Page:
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Letter to the High Commissioner for India to South Africa

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Mr R K Bhatia
High Commissioner for India to South Africa
Post Box No. 40216
Arcadia - 0007 Pretoria
By Fax: +27 12 342 5310
23 June 2010

Dear Mr Bhatia

Over a million people with HIV in South Africa are receiving antiretroviral (ARV) treatment. At least 100,000 additional people receive treatment via private or non-profit sources. ARV treatment is saving lives and stemming the decline in life-expectancy that has occurred due to the HIV epidemic.
One of the main reasons this has happened is because the prices of ARV regimens fell from over R3,000 per month in the 1990s to less than R150 per month for a standard first-line regimen used in the public sector today. Even the private sector price of one of the best first-line regimens is R532 including VAT, a fraction of the lowest 1990s prices of far less optimal regimens. If these prices were corrected for inflation, the drop would be even more dramatic. Lower prices have made the HIV treatment programme affordable for the state. Lower prices have also allowed medical schemes and non-profit private organisations to cover HIV treatment, thereby alleviating some of the public sector's treatment burden. Without these massive price reductions, nearly a million additional people would be dead or dying now in South Africa. But these price reductions have benefited people far beyond South Africa's borders; there are programmes in many sub-Saharan African countries providing quality ARV drugs because they are now affordable.
As this letter explains, the prospect of making new ARVs available in South Africa at affordable prices is under threat because of events unfolding in India. In particular, pressure is being applied by the European Union on the Indian government to sign a bilateral trade agreement that will stifle competition on essential medicines still under patent. The problem goes beyond ARVs. It will apply to any new medicine that is developed, whether it be for cancer, diabetes, tuberculosis or a future epidemic. Undoubtedly, this will prove to be detrimental to everyone regardless of social class and geographic location. We should all be concerned.
How ARVs became affordable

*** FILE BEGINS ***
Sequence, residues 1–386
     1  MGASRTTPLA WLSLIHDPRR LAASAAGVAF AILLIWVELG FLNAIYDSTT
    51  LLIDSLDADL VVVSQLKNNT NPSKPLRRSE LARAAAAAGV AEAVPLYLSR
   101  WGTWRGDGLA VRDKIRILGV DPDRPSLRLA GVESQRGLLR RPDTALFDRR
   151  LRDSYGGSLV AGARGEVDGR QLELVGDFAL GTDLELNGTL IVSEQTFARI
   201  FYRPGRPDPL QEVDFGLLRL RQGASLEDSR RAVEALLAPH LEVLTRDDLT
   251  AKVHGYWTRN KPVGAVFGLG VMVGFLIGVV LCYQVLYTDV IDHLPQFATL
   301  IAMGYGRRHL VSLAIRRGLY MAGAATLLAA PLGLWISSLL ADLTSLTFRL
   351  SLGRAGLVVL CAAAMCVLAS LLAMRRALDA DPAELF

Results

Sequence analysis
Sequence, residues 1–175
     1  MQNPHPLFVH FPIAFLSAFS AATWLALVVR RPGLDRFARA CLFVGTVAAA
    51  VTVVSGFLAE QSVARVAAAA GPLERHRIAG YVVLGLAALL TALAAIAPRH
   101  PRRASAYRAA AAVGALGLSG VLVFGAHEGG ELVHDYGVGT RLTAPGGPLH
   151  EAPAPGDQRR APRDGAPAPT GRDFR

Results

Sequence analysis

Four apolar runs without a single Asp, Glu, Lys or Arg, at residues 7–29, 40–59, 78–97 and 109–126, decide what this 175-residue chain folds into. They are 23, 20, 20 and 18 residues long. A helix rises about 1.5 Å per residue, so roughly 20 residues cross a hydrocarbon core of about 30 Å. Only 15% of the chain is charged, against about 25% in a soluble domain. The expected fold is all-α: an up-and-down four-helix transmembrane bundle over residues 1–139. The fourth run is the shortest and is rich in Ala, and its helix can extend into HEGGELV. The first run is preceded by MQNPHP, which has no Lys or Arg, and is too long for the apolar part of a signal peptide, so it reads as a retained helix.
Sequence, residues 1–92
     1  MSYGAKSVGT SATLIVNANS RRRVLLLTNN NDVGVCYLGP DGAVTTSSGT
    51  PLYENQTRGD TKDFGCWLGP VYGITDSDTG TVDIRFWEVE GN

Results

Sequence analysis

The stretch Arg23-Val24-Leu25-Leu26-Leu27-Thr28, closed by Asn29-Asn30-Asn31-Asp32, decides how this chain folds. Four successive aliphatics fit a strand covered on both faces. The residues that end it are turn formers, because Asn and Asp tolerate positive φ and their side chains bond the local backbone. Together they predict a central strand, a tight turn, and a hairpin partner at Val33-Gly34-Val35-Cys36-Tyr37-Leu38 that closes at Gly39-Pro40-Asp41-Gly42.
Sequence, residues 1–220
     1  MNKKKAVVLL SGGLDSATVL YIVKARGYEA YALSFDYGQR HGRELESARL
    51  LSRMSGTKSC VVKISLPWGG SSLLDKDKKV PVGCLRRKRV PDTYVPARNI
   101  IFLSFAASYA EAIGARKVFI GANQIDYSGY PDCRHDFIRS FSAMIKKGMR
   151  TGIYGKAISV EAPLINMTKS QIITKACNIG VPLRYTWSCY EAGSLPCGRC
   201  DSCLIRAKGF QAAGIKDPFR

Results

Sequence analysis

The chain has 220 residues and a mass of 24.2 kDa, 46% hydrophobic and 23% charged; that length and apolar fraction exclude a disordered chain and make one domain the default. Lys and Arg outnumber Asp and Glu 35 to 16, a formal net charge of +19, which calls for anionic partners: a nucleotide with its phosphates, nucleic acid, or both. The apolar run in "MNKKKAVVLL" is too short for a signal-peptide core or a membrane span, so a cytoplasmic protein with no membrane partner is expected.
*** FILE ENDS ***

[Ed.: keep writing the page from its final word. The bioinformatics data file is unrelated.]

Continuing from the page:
Until the early 2000s, each ARV was marketed exclusively by at most one company in South Africa usually under patent or via an exclusive license agreement with the patent-holder. Consequently there was no competition on ARVs. There is a clear chain of causation that led to most of the price reductions. In general:
1. Generic manufacturers based mainly in India (but also in Brazil and elsewhere) produced dramatically cheaper generic versions of ARVs. They could do so because medicines were not patented in India. Previously, these drugs had not been available in South Africa.
2. Activists in South Africa, the rest of the African continent, and across the world forced patent holders to license generic manufacturers to sell their medicines in sub-Saharan countries and elsewhere. Such activism included protests, successful complaints at the South African Competition Commission and threats of litigation.
3. Following this pressure the companies manufacturing ARVs and other important HIV-related medicines under patent either dropped their prices substantially or allowed generic competition.
Many ARVs manufactured in India are now sold in South Africa at affordable prices. So too are ARVs manufactured in South Africa using active ingredients ordinarily imported from India. They are registered with the Medicines Control Council, the US Food and Drug Administration and approved by the World Health Organisation. Therefore they meet stringent requirements ensuring these are safe, effective and of good quality.
The Indian Patent Act
But in 2005, the Indian government passed legislation that allowed medicines to be patented, as it was required to do in terms of its World Trade Organisation (WTO) obligations. This means that medicines developed since 1995 cannot as easily be produced by generic companies operating in India. This essentially breaks step one in the above chain of causation and makes it much harder to campaign successfully for lower medicine prices. Notwithstanding these new limitations, Indian patent law - as permitted by the WTO - still contains a number of flexibilities that allow for the market entry of generic medicines prior to patent expiry.